A branch of neuroscience that is concerned at understanding the nervous system at the system level
Neuroscience is the scientific study of the nervous system and is concerned with the structure, development, function, chemistry, pharmacology, and pathology of the nervous system. Modern tools and technologies (e.g. molecular biology, electrophysiology, computational methods, etc.) led to the advancement of research on nervous system. As a result, neuroscience is now comprised of various branches. Systems neuroscience is one such branch, together with cellular neuroscience and molecular neuroscience. Unlike cellular and molecular neurosciences that are focused at the cellular and molecular aspects of a neuron, respectively, the systems neuroscience is concerned with how these neurons and synapses work together in complex neural networks that lead to higher level of brain processes such as language, memory, emotion, self-awareness, consciousness, mood, behavior, decision making, perception, attention, etc.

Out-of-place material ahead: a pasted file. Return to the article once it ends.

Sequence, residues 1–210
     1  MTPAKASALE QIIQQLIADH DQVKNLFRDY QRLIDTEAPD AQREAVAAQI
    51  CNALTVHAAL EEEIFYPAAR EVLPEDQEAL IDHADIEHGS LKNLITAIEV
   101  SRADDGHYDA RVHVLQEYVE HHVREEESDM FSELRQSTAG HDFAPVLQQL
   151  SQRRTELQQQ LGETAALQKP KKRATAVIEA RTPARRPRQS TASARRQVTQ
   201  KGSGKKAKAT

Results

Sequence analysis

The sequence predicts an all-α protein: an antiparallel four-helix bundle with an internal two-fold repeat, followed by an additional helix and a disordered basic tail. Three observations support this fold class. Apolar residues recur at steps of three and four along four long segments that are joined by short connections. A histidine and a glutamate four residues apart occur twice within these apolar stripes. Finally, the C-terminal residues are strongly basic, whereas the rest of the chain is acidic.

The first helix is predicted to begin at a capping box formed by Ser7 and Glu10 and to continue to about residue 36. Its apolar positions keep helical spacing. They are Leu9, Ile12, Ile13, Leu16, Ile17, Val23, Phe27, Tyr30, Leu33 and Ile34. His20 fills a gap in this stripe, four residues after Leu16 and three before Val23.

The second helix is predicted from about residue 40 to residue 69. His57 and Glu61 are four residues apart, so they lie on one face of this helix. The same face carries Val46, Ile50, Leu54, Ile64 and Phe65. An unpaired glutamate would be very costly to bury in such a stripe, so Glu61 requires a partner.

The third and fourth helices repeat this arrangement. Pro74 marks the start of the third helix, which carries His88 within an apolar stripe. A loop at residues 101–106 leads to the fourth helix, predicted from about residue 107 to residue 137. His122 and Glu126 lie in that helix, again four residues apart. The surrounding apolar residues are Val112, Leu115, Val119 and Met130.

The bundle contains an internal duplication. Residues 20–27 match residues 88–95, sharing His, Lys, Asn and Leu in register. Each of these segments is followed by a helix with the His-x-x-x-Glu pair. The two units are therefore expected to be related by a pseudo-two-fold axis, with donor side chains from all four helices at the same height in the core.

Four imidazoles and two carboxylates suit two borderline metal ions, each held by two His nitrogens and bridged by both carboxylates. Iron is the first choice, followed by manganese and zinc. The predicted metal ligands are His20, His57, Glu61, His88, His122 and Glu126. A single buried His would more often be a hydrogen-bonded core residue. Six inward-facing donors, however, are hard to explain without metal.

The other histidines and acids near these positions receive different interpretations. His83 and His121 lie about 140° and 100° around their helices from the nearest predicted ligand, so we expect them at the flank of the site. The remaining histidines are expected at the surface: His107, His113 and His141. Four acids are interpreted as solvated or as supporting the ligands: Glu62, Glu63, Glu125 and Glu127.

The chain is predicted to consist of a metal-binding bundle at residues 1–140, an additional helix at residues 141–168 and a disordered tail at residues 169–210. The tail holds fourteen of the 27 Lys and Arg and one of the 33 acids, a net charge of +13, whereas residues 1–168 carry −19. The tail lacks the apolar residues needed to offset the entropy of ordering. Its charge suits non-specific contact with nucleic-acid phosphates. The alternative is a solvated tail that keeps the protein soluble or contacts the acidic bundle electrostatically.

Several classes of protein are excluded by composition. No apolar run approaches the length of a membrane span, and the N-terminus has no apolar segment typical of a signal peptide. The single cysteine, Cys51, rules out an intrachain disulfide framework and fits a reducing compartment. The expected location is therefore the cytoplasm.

Systems neuroscience studies the function of neural circuits and systems. It is concerned with how the neurons behave when they are connected together in neural networks. It uses techniques and tools such as electrophysiology, in vivo imaging, fMRI, PET, etc. Apart from the fundamental processes of the nervous system, the systems neuroscience is also concerned with identifying novel ways to repair broken neural circuits in diseased conditions.